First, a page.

Necropsy (Ne'crop-sy) is the act of examination of an animal after death. This is often confused with Autopsy (Au'top-sy) from the Latin derivation "examination of one-self after death". This term is reserved for use only in humans.
When one of our beloved pet birds die, it is a great loss, but sometimes the reason for the death can give insight, closure and often save the life of another pet or even a human living in the same home. A necropsy at The BIRD Clinic is a full external and internal visual examination of all the bird's organs, which will give an indication as to the cause of death. Many times histopathology, cytology, virology, microbiology, toxicology, and sometimes hematology need to be utilized to further discover the cause of death when the etiology (cause) may not be visible to the naked eye.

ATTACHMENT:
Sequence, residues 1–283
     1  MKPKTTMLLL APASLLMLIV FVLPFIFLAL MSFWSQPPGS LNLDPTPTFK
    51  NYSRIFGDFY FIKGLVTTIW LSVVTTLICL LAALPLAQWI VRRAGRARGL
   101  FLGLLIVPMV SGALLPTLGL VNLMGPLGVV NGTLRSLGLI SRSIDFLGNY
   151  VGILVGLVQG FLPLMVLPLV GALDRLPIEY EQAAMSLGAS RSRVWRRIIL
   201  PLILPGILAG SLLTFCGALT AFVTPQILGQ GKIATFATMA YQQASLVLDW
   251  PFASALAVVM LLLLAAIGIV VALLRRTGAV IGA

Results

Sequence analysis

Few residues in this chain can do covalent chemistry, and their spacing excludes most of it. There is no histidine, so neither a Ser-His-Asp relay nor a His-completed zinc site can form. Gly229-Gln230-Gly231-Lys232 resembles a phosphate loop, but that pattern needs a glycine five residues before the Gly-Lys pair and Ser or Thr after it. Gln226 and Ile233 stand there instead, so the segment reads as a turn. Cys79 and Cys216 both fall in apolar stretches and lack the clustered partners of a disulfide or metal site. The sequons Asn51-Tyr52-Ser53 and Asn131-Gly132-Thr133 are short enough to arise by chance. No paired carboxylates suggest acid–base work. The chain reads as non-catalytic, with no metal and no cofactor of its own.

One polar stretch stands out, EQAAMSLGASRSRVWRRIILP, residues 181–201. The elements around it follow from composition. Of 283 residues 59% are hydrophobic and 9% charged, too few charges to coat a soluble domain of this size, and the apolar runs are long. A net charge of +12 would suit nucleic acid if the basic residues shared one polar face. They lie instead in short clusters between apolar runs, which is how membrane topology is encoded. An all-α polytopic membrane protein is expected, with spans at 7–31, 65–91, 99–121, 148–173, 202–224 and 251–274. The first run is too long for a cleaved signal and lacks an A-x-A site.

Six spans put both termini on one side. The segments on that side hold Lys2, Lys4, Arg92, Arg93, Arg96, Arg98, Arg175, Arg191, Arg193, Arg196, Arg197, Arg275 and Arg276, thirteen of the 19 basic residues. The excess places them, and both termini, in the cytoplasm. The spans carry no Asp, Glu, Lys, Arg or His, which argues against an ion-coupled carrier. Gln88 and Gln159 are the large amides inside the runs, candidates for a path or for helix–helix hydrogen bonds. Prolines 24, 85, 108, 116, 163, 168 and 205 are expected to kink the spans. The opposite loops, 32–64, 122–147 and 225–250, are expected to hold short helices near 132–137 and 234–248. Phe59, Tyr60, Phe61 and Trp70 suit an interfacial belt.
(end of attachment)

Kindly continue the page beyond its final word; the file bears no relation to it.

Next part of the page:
The BIRD Clinic's recommends the following to acquire the most valid information from a necropsy:
As soon as the deceased bird is discovered:
1. Place the bird's body in a ziplock bag.
2. Add 1/8-1/4 tsp (few drops) of water
3. Remove as much air from the bag as possible and seal.
4. Place the bag in the refrigerator, NOT THE FREEZER, for storage.
5. Bring the bird to The BIRD Clinic preferably within 24 hours. If it is later, a necropsy can still be done, but some organ systems may not be of diagnostic value.
Many times, an owner believes the cause of death is one etiology when a necropsy uncovers an entirely different etiology. A necropsy is not only a step to explain the cause of death, but also to help prevent a similar situation from repeating itself in the future.